Captain Lowndes, Lieutenant Hampton and Dr. Taylor, of my staff, accompanied me, and rendered me great assistance. I have the honor to be,

Very respectfully yours,

Wade Hampton, Major-General. Major McClellan, Acting Adjutant-General.

When the attack on Kilpatrick was made, Dahlgren, who had been repulsed by the local troops in a feeble attack made on the city, was camped either on the Brooke turnpike or the Telegraph road. He had a body of picked men with him, and his object was, in case Richmond was taken, to free the Federal prisoners, to destroy the city, and to assassinate our authorities. Having failed in his assault, and hearing the attack on Kilpatrick; he immediately sought safety in flight. With a portion of his command he crossed the Pamunkey, was attacked the same night by a few furloughed men of the Ninth Virginia Cavalry, under direction of Captain Fox and Lieutenant Pollard, together with a small detachment of the Home Guard of the county, was killed, and most of his men were captured. Upon his person were found the papers which proved the execrable and atrocious nature of his enterprise. As the authenticity of these papers has been denied, it may not be out of place for me to state here what I know regarding them. As already stated, I followed Kilpatrick when he retreated, and I halted on the night of the 2d March near the house of Dr. Braxton, and not far from that of Mr. Lewis Washington. I remained during the night at the house of the former, and moving off at a very early hour the next morning, I met Mr. Washington, who asked me if I had seen a courier who was in search of me. Replying to him in the negative, he informed me that this [527] courier had stayed at his house the night previous, and had exhibited to him the note-book of Dahlgren, in which he read the diabolical plan, which was subsequently made public. The details of this plan, as stated to me by Mr. Washington, were precisely similar to those published; so, unless the parties who killed Dahlgren, or the courier who bore the dispatches on to Richmond, not finding me, wrote the orders and memoranda in the captured note-book—a supposition entirely incredible—there can be no shadow of a doubt but that Dahlgren was the originator of the plot to burn and sack Richmond, to assassinate the President of the Southern Confederacy, and that, though not as successful as Booth in his attempt on the life of the Federal President, he deserves as fully as the latter the execration of all honorable men.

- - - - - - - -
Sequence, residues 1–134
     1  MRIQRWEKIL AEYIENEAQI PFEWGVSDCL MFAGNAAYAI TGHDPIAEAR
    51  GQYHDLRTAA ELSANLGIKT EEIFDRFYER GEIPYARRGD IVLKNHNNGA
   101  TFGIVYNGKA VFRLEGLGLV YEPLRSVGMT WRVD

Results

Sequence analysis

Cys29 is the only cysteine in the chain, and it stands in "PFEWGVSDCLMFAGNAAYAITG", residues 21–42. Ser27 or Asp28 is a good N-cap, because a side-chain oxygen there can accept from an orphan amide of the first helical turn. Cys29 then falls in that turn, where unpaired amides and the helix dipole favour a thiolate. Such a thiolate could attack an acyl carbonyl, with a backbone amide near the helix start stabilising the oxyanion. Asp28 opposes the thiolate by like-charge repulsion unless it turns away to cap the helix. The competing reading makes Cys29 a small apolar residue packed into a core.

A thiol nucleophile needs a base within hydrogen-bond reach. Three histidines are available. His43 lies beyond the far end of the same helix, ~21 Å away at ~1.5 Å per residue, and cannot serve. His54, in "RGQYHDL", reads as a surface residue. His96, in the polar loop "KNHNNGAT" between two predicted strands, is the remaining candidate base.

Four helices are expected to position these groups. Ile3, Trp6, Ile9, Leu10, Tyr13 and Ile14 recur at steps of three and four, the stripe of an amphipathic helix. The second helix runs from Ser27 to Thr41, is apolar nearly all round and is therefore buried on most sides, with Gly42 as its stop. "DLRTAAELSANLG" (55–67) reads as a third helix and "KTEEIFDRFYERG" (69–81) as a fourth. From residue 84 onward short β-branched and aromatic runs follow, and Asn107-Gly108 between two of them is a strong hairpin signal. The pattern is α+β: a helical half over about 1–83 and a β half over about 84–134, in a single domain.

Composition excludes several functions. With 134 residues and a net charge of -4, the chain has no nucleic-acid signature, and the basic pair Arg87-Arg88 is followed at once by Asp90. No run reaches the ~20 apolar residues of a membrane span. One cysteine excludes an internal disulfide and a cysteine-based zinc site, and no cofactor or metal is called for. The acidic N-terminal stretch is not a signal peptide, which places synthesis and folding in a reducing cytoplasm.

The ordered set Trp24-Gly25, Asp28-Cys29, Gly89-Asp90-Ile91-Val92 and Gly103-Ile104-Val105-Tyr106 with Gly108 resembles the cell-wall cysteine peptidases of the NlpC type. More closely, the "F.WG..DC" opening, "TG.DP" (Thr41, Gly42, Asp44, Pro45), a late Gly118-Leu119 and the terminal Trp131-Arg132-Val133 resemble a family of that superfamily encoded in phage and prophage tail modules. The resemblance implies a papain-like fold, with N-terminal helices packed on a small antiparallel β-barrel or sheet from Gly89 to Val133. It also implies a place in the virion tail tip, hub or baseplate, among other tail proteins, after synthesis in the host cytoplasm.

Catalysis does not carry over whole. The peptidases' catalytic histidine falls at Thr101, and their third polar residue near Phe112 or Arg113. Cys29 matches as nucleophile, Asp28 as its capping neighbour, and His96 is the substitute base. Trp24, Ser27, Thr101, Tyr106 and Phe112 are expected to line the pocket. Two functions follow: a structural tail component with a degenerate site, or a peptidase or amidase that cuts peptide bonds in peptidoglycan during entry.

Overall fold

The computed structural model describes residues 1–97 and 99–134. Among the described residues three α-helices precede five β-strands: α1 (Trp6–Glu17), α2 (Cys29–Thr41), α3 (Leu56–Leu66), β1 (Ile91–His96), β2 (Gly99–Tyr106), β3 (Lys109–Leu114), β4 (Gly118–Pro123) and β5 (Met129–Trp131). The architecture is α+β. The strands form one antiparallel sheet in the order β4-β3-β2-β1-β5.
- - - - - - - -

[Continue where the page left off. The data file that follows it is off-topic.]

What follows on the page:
Kilpatrick having recruited at Yorktown, moved out, as if to attempt to force a passage through my lines in order to rejoin the Federal army. Anticipating a movement of this sort, I had concentrated my command near Fredericksburg, and was prepared to meet him on more equal terms than at our last encounter. To prevent his crossing the river below me, I had the wharves at Urbanna destroyed. When he found that he could not cross there, and that my command was in position to dispute his passage, he returned to Yorktown, and placing his cavalry on steamers, he transported them safely but ingloriously to Washington. Colonel Bradley T. Johnson, with a small body of cavalry, co-operated with me during these movements against the enemy, and rendered most efficient service.

The following extract from ‘General Orders No. 10, Headquarters, Department of Richmond, March 8th, 1864,’ conveys the thanks of Major-General Elzey, commanding, to my command:

The Major-General Commanding begs leave to tender to Major-General Hampton and his command his sincere thanks for their cooperation in following up the enemy, and their gallant assault upon his camp at Atlee's Station on Tuesday night, in which the enemy's entire force was stampeded and completely routed, leaving in the hands of General Hampton many prisoners and horses.

By command of

Major-General Elzey. (Signed) T. O. Chestney, Acting Adjutant-General.